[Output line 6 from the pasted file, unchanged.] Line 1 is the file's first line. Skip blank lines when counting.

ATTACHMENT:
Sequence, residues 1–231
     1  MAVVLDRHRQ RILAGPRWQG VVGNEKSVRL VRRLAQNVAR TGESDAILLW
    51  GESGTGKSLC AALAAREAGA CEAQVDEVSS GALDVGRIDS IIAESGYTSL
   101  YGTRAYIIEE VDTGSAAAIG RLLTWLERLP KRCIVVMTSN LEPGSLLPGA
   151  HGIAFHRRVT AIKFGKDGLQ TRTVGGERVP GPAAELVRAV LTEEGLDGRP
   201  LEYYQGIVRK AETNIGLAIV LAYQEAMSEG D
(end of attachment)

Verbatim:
   201  LEYYQGIVRK AETNIGLAIV LAYQEAMSEG D